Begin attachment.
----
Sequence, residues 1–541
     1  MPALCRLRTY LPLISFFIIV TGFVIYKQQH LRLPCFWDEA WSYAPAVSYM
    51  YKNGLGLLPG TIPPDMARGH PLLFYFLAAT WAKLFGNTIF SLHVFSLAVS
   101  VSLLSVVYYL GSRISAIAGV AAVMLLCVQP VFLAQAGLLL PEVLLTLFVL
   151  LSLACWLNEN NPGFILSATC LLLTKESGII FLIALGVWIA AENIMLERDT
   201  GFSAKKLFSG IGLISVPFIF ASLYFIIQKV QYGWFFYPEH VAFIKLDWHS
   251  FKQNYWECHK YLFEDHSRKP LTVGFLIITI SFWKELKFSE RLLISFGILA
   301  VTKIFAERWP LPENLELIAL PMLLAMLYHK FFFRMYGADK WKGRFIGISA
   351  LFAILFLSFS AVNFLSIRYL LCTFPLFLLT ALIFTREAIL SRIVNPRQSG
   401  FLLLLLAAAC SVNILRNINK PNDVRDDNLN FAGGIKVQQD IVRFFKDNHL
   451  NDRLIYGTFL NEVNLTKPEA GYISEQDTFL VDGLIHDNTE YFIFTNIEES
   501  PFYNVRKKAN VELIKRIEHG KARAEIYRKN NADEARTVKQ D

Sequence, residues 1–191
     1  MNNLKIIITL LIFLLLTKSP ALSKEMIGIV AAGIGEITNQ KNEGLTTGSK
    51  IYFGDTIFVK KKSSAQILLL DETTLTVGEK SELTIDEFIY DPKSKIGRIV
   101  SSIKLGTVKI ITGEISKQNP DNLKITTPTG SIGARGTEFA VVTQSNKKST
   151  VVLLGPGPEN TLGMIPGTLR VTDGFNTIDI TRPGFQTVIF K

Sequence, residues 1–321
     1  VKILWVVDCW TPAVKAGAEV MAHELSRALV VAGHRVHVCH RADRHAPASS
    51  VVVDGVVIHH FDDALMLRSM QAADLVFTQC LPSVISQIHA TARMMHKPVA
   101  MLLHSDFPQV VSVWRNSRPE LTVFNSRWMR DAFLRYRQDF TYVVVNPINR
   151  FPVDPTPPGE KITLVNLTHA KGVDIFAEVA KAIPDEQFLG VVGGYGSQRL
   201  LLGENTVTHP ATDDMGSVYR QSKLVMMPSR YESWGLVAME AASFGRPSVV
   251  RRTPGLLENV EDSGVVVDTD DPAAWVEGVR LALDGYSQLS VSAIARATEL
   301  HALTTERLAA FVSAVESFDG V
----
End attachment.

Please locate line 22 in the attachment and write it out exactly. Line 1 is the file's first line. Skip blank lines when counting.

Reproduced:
   151  FPVDPTPPGE KITLVNLTHA KGVDIFAEVA KAIPDEQFLG VVGGYGSQRL